From!!rmb-mod Tue Nov 12 23:55:09 CST 1996
Say the word and you'll be free<br>

Say the word and you'll be free

Distribution: world

In article <>, <> wrote:
>That said, I agree with saki (but didn't have the space to get into this
>in my bibliography) that Hertsgaard greatly overstated the number of
>session tapes (as opposed to bootlegs readily available to the rest of us)
>that he heard. So far as I can tell, he heard session tapes for something
>like three songs. But those descriptions are worth having.

When it comes right down to it, I think all the "wish lists" about Anthology 3 are missing the mark. That was then, this is now. It's gone and done. It's yesterday's papers, last week's extraordinary (good job, lads!) Billboard. Another Number One.

But what's left when the dust settles?

The critic. The analyst. The man in search of meaning and more.

The "more" is what good criticism is all about: the celebration and explication of art. All of us, expressing our humble opinions in a venue such as this, are participating in the holy and celebratory act of criticism.

Don't be scared. :-)

Contrary to popular opinion, *good* critics don't tear down the artform copiously and eloquently created by artists.

Rather, they are art's cantors.

They sing glorious prayers to the wonder of human talent. It's too bad that many scholarly pursuits obfuscate this essential fact. There'd be *many more* enthusiasts of scholarship if its joys were accepted as a natural part of its being, if this tendency on the part of art's interpreters weren't beaten into prosodic insensibility by teachers who no longer believe in the power of passionate divination.

And when we talk about all the wonderful folks who have written about the Fabs in the past----the ones who have made themselves worth a mention in Beatles bibliographies all over the world---I still find that there's an essential element just on the edge of expression in all of them.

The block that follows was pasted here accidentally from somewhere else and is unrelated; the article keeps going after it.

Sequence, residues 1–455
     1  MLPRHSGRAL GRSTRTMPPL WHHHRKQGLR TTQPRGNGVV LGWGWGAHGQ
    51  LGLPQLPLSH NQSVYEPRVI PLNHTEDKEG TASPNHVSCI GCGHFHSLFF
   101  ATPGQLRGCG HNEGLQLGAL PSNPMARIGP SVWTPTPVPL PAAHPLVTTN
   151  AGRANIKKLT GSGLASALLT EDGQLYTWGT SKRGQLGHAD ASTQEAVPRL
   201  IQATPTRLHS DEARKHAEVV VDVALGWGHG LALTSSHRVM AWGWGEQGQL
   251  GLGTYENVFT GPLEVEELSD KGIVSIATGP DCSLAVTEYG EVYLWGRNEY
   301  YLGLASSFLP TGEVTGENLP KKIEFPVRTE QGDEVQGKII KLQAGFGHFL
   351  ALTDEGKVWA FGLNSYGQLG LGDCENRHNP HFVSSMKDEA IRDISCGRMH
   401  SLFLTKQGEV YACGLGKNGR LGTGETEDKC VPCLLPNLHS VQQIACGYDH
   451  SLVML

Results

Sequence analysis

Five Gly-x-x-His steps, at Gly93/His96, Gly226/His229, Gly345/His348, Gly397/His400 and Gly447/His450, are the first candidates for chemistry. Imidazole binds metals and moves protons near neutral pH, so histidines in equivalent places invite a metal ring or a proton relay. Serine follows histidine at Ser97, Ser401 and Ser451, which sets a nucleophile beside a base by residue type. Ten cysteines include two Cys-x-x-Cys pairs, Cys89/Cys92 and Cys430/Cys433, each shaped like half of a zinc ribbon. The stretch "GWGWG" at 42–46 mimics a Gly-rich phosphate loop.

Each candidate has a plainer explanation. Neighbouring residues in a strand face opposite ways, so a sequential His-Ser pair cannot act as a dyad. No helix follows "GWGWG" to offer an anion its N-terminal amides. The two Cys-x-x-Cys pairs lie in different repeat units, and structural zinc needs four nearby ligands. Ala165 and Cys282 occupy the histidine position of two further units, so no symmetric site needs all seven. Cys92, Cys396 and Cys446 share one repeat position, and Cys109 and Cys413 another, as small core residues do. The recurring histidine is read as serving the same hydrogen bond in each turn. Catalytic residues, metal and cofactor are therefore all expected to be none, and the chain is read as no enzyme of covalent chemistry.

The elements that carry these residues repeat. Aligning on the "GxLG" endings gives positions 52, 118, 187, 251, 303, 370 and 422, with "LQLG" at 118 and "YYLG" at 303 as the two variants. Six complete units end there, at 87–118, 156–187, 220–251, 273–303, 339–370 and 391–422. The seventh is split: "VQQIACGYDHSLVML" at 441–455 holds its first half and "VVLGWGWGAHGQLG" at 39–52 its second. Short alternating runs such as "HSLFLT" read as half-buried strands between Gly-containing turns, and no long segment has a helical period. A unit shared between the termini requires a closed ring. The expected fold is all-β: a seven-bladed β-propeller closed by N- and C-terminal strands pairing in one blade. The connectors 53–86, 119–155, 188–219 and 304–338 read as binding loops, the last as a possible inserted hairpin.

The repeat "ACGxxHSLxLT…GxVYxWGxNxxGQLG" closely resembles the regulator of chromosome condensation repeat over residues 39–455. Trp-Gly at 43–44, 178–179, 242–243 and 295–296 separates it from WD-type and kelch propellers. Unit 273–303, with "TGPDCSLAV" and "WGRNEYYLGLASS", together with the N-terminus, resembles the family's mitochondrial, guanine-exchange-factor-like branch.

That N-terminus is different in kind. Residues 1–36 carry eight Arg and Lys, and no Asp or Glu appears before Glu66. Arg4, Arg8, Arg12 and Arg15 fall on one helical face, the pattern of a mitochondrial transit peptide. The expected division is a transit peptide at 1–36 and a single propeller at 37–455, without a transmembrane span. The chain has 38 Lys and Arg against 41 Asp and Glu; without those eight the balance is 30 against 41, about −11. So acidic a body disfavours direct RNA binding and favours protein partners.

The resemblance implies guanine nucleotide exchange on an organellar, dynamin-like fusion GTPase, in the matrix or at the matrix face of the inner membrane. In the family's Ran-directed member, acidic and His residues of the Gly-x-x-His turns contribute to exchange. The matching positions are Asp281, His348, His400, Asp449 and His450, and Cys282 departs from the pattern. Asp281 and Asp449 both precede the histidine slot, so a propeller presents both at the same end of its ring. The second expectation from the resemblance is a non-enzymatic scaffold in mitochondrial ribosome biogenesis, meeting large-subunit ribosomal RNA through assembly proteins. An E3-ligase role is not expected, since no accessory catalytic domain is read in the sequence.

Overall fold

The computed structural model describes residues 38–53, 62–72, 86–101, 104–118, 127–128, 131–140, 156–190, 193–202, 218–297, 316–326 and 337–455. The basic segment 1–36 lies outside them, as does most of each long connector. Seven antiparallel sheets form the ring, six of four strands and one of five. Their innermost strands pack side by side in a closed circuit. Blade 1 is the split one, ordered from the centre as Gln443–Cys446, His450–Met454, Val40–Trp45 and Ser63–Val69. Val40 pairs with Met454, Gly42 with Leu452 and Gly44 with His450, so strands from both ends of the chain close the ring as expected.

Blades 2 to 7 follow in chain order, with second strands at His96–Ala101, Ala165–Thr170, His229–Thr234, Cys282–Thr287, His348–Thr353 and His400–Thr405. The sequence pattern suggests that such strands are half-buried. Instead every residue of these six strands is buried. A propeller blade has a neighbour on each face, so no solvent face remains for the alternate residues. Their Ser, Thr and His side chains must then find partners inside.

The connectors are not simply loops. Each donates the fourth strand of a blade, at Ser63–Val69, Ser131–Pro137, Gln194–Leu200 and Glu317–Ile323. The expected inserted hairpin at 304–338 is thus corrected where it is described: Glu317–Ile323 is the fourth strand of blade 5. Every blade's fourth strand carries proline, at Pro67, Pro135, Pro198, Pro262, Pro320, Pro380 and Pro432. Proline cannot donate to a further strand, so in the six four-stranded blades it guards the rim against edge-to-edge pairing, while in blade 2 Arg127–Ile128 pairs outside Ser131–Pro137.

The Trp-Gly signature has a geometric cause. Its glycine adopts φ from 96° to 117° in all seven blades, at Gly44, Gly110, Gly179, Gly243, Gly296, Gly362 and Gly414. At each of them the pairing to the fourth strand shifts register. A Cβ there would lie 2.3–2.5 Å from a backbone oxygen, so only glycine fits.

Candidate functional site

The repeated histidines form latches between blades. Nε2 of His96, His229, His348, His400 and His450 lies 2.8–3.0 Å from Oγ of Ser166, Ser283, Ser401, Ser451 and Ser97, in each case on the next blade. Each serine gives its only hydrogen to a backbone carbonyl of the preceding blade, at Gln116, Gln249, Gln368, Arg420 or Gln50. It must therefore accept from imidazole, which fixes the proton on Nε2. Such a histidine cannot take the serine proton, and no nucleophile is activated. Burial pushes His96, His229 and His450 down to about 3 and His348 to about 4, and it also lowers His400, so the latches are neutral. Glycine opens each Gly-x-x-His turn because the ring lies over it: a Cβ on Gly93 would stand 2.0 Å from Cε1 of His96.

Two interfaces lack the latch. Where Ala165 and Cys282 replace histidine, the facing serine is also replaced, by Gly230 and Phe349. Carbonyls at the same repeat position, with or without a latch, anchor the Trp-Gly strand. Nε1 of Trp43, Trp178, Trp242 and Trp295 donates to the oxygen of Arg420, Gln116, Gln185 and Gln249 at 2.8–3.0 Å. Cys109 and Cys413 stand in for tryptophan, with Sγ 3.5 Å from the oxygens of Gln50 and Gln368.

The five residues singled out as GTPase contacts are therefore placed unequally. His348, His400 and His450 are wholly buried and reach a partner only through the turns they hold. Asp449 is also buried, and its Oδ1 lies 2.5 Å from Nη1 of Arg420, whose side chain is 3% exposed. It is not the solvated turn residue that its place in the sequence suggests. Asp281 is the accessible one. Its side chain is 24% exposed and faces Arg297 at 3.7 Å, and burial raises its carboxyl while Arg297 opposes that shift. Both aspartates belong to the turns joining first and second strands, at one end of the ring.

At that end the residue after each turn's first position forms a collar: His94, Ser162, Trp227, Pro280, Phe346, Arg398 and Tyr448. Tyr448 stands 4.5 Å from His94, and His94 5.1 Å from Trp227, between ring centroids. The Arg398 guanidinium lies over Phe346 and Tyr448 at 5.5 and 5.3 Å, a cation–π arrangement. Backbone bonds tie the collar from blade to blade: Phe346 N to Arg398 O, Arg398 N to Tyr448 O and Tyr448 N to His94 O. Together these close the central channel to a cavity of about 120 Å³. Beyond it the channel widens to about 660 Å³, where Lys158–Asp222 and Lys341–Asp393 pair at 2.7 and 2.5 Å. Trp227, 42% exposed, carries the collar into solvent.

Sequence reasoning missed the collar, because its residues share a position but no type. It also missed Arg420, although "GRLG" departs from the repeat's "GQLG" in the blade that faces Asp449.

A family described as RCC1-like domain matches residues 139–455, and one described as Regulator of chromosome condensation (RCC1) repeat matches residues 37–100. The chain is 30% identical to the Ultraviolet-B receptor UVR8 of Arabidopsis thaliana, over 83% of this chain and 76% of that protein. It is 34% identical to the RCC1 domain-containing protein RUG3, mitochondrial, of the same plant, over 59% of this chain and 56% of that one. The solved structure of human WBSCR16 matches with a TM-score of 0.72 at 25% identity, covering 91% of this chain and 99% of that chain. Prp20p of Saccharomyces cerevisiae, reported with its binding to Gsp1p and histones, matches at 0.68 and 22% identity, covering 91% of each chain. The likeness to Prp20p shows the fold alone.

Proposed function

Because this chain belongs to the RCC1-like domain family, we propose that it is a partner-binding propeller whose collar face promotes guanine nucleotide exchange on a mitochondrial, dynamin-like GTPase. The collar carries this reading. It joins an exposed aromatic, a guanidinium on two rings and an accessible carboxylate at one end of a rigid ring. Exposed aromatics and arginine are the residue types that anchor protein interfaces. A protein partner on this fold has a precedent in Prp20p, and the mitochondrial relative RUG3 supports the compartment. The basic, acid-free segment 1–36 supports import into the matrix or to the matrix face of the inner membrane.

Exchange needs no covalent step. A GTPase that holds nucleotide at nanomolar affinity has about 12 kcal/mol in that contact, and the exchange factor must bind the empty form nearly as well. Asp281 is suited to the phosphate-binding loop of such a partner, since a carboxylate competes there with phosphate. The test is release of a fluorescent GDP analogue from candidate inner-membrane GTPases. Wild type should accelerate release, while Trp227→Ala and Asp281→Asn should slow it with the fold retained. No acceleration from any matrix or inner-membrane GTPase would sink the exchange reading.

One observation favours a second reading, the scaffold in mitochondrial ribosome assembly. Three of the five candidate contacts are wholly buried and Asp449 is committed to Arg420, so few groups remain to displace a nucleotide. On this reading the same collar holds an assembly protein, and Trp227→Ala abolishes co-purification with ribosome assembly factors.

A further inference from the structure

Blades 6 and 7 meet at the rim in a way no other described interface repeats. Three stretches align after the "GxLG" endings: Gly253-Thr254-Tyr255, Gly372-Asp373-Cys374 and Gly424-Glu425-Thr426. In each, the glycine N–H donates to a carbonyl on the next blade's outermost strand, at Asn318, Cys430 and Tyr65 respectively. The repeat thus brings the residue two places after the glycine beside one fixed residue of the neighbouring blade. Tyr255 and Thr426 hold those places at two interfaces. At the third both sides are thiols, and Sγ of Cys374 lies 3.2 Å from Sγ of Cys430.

An inner truth is just within reach, yet still inexpressible, still elusive.

Give credit where credit's due. The Muse of Musicology visits some of us more regularly than others, and helps some communicate to the less technical what's going on in those pounding notes, those relentless words of love.

I admit I really do see it in Ian MacDonald, though he gets all torn up with culture and society and impenetrable critical Tarot. If he'd only let himself *dance*, for God's sake.

Same with Hertsgaard; there'd be less of the "I heard secret tapes that no one else knows about!" self-promotion and more of what must have brought him to seek out those sweet entombed notes to begin with, to release those truths to the rest of us not so fortunate as he.

I see it in lots of writing about the Fabs...which needn't be as indecipherable as the metaphor "dancing about architecture" usually communicates. You can do a fairly evocative dance to the Chrysler Building, if you're so moved, and uninhibited enough. You can do an equally inspiring foxtrot to the humble building at 3 Abbey Road, London NW8 too, if you'll let yourself go.

I do see this in a *lot* of prose. It's prominent in Hunter Davies' terrific joie de vivre and affection for the Fabs' early history.

It's evident in every phoneme of Mark Lewisohn's dedication to the best possible truth; he loves to death every wisp of studio documentation, and teaches us why we too should pursue such a path, whether or not our outcome will be the best possible result. (He has also taught us to correct ourselves with humility and zeal.)

Allan Kozinn weaves together the disparate threads of past scholarship and provides a proof of the Fabs' musical permanence.

Philip Norman (bless his inaccurate hide) promulgates the sheer raunchy excitement of four fellows caught in the maelstrom of mania, making music that reflects the simplest desires of the soul, the most complex needs of love.

Hertsgaard, Goldman, Riley...I swear there's passion in all their voices. There's not 100% reliability, alas. The tendency towards the vice of anti-hagiography (in Goldman and Seaman) is a nearly unforgivable transgression. Sanctification in analysis is equally bad.

But sometimes passion pushes us over the edge, flirting with gossip and wild anecdotal testimony, sometimes entirely too far to make sense of the boundaries of what's real and unreal in the Beatles' musical oeuvre. Love is far too easily admixes with "honesty", in some psyches, to the point where one cannot tell how to step back from brutality to express history with compassion and charity.

And then sometimes you can sense it; caution is thrown to the wind.

Bubbling just under the surface of more cautious words is the stuff of irrepressible fervor. Take any critic of decent intent (or even demi-indecent) and just below the skin is the same excitement you feel when you hear "Please Please Me" for the thousandth time, or sway in subconscious primal ecstasy to "I Want You (She's So Heavy)".

It's the same prime mover that defines our tears when we hear "In My Life" or "Golden Slumbers". It's the same impetus that forces us downstairs at night, late, while the rest of the house sleeps, to clamp on headphones to exult privately over five (count 'em) takes of "Misery".

You never get enough of the Beatles.

Like any of life's ultimate pleasures, that's as it should be, on whatever level your enjoyment exists. Click here to return to the rmb home page.

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